“I know women who have remarried and left their bacha (kids) with parents. Or their new in-laws are nice but treat bacha a little differently.”
Meera’s ability to confidently be a single parent was heightened by the parental support she gained.
The nature of extended families in Pakistan allows Meera to work whilst her sons were taken care of by family members.
Interestingly, Meera stressed that her family living in a city rather than a village made this more possible.
She feels that cultural norms, stigma and pressures may have been more difficult to avoid and navigate in the confines of a village.
As previously mentioned one stereotype that dominates is that women are naturally more maternal. Such a stereotype can be a key challenge for single Desi fathers.
Adam Jha* a 45-year-old Indian lawyer in Canada became a single father to three young boys when his wife died in 2009.
As a single father, he found himself navigating new terrain within the home but also outside:
“When Sharon* died, the foundations of my family were torn apart. We had always been a team taking care of our sons, but now I was alone.
“It was daunting to know I was now solely responsible for three little boys…everything changed at home and my work.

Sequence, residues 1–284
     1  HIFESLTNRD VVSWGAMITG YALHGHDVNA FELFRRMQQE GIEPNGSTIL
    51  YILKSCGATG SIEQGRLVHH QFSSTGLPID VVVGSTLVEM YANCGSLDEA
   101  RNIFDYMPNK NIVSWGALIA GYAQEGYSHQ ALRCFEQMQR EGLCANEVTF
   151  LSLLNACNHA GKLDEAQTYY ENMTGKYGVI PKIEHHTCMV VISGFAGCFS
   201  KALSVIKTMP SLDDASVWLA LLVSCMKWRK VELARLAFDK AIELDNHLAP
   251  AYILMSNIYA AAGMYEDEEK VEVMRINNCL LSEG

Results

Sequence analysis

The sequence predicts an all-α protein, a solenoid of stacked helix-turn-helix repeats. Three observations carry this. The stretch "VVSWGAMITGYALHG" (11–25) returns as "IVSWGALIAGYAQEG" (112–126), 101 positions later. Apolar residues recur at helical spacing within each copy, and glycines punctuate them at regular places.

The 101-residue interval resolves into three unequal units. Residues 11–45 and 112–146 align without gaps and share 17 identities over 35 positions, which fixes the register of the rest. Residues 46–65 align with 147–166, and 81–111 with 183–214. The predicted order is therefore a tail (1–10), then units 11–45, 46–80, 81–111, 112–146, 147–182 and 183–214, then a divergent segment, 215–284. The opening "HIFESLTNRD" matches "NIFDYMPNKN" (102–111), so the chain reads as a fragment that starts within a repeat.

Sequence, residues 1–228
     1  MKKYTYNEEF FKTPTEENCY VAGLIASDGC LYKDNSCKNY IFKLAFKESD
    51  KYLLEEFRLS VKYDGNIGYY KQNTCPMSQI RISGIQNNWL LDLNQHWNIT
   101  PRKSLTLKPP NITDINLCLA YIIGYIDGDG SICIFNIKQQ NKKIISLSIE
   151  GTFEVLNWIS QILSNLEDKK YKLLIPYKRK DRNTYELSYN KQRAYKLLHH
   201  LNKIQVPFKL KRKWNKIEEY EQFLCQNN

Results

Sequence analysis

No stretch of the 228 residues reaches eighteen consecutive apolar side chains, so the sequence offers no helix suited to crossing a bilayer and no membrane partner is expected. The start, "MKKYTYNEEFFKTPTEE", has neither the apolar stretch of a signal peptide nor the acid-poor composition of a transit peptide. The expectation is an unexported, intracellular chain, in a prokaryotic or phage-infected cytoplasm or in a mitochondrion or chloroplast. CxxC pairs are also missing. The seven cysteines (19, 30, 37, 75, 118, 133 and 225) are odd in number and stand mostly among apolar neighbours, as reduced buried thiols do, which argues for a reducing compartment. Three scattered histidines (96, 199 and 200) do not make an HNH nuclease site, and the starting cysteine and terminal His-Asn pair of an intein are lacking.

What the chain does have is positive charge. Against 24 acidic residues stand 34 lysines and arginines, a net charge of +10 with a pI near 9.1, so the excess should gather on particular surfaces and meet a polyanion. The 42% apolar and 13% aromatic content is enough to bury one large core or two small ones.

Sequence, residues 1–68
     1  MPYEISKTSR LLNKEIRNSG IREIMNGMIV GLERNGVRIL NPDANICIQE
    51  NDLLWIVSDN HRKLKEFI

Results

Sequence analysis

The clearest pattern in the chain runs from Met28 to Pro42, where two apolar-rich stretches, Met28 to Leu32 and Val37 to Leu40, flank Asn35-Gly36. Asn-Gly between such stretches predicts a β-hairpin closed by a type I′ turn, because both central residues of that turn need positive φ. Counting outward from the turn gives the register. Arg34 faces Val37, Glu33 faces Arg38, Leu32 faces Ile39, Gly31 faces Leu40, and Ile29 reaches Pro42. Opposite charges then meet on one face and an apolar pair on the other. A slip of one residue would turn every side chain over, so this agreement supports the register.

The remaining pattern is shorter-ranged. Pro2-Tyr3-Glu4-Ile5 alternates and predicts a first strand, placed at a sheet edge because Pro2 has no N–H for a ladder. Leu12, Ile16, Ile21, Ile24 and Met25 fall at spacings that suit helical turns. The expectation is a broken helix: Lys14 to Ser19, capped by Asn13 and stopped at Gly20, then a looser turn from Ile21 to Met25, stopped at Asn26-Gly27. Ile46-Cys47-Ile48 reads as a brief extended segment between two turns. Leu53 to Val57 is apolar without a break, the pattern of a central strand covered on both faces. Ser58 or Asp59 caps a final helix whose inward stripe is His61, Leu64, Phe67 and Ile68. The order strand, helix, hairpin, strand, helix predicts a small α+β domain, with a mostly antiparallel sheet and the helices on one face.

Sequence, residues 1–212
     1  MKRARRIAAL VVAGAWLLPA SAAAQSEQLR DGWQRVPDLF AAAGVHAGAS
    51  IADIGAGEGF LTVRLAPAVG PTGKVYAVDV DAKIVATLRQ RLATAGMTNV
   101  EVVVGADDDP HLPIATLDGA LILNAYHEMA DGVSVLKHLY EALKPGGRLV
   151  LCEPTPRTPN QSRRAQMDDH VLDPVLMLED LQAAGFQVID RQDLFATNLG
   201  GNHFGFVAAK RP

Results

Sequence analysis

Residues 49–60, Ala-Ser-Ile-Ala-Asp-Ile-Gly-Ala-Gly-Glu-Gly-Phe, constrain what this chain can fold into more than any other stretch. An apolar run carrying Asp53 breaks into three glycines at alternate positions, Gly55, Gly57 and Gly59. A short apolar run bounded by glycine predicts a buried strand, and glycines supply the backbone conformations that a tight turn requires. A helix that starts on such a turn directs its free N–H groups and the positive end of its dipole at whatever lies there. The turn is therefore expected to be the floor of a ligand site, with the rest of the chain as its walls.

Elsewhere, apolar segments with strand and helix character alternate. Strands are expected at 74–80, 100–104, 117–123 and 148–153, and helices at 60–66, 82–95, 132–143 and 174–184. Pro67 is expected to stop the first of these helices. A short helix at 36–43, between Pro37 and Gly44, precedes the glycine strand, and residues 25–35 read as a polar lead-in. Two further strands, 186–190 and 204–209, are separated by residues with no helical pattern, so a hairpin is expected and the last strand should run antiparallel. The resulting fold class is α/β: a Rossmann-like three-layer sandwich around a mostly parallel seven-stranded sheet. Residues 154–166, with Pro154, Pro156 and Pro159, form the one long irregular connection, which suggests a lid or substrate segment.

“I was alone to make the decisions, alone to make the mistakes and deal with family advice.”
“None of it was in my life plan.”
Adam felt the significant strain at the start, particularly because his role as a single father was seen as being problematic for his and his sons’ wellbeing:
“A year after Sharon’s passing my family started to gently suggest I remarry for the sake of the boys. My aunts and mother kept speaking about how they needed a mother.
“My family was very supportive in helping me with childcare and the boys are loved.
“But my mum and aunts are from a generation where children need a mother – a man and wife.
“There were several heated discussions, it didn’t take long for me to lose patience.”
Again, we see how entrenched gendered ideas of childrearing are, and the idealisation of marriage. Both of which can be significant issues single Desi parents have to deal with.
More significantly, Meera and Adam’s stories highlight how Desi communities across the world are still evolving and trying to reimagine the idea of single parenthood.
Finance, Stereotypes & Emotional Bonds
Single-parent families can face economic difficulties and stereotypes that can foster a sense of isolation and otherness.
There is a potent need to dismantle negative stereotypes and look at how structural reframing needs to occur. This needs to happen in order to prevent single-parent households from being penalised due to policies.
Within Desi families, informal childcare via grandparents, siblings and aunts remains common.